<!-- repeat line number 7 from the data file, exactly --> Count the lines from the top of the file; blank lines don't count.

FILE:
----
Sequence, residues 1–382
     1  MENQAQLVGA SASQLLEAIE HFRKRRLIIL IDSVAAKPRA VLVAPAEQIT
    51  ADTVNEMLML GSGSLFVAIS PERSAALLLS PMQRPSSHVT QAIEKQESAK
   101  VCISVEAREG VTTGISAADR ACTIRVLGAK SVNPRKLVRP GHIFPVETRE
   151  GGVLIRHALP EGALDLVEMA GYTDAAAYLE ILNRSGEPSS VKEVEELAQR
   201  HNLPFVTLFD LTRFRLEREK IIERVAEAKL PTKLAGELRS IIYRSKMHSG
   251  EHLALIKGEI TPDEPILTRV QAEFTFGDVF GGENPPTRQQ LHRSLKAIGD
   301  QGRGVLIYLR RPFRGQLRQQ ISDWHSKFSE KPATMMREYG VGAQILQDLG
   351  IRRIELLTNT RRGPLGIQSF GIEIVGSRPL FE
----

   251  EHLALIKGEI TPDEPILTRV QAEFTFGDVF GGENPPTRQQ LHRSLKAIGD